By William R. Beach, MD
Limb and joint pain can occur at almost any age for a number of reasons. Two of the most common causes are bursitis and tendonitis. To understand which condition may be causing you pain, let’s examine the characteristics of both bursitis and tendonitis.
Bursitis and Tendonitis: What They Have in Common
Two types of inflammation of soft tissue are bursitis and tendonitis. The inflammation is often caused by trauma-often repetitive small trauma or occasionally significant severe trauma. The injured areas affected by both bursitis and tendonitis include knees, elbows, hips, ankles, or wrists.
Bursitis vs. Tendonitis: How They Differ
In areas of your body where structures come into contact – bone, muscle and tendon – fluid-filled sacs known as bursae are present to allow those parts to glide smoothly over one another. Bursitis is the inflammation of one of these bursae. This is typically the result of overuse of the structures in question.
Common types of bursitis include prepatellar bursitis (knee), olecranon bursitis (elbow), and trochanteric bursitis (hip).
Your body has many cord-like structures called tendons, which connect muscles to bones to create motion. Tendonitis is inflammation of one of these tendons. Tendonitis is generally caused by repetitive use of the associated muscle. We often see older patients complaining of tendonitis/pain.
Common types of tendonitis are tennis elbow tendonitis, Achilles tendonitis (heel, calf), and jumper’s knee tendonitis.
Bursitis or Tendonitis: Diagnosing the Cause of Your Pain
As with any injury, your doctor will begin with a medical history and physical exam. He may order X-rays to rule out problems that might stem from your bones, like a fracture. Your doctor needs to know where and when the pain occurs to identify the correct diagnosis and to create the treatment plan.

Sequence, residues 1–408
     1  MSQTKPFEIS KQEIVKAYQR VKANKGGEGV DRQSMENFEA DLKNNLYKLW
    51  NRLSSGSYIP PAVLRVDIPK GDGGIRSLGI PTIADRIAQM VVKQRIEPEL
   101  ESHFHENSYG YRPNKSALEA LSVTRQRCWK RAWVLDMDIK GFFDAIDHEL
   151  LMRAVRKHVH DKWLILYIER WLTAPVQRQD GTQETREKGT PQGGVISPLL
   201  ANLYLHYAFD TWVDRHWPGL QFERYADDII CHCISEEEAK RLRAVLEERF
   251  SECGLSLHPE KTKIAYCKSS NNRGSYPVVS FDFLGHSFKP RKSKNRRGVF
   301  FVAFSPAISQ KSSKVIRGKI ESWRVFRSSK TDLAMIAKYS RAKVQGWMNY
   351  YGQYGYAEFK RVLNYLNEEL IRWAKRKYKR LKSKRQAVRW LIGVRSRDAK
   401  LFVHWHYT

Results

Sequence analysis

Diagnosing the problem as either bursitis or tendonitis has much to do with the anatomic location of the injury. Your doctor can determine which is more likely to be the issue based on your particular signs and symptoms.
Significant fluid in the bursa suggests bursitis. Conversely, tenderness of the tendons is an indicator of tendonitis. Differentiating between the two may be more challenging in the shoulder, as the inflammation of the bursa is often associated with tendonitis. Stretching of the muscle can aid your doctor by identifying at what point in the range of motion the onset of pain occurs. This helps isolate the likely cause of the injury. Tenderness to palpation, strength and resistance testing, and joint stability testing will aid us in identifying the correct diagnosis.
Treatment of Bursitis and Tendonitis
For both bursitis and tendonitis, treatment often begins with RICE. RICE (rest, ice, compression and elevation) assists in reducing inflammation, as well as, non-steroidal anti-inflammatory medication. Tendonitis may result from repetitive occupational or recreational activities. Identifying and eliminating those activities or movements is a key element in the treatment of tendonitis. In the case of bursitis, aspiration, or fluid draining, of the bursa may be prescribed, followed by a corticosteroid injection to prevent further swelling. In rare instances, the bursa may be removed, either through arthroscopic or open surgery.
To reduce the risk of injuries like bursitis and tendonitis, be sure to warm up and stretch before exercising and wear protective padding during any activities that you and your doctor have identified as the cause of your injury.
Learn more about your own bursitis or tendonitis symptoms by scheduling an appointment with an orthopedist at Tuckahoe Orthopaedics today.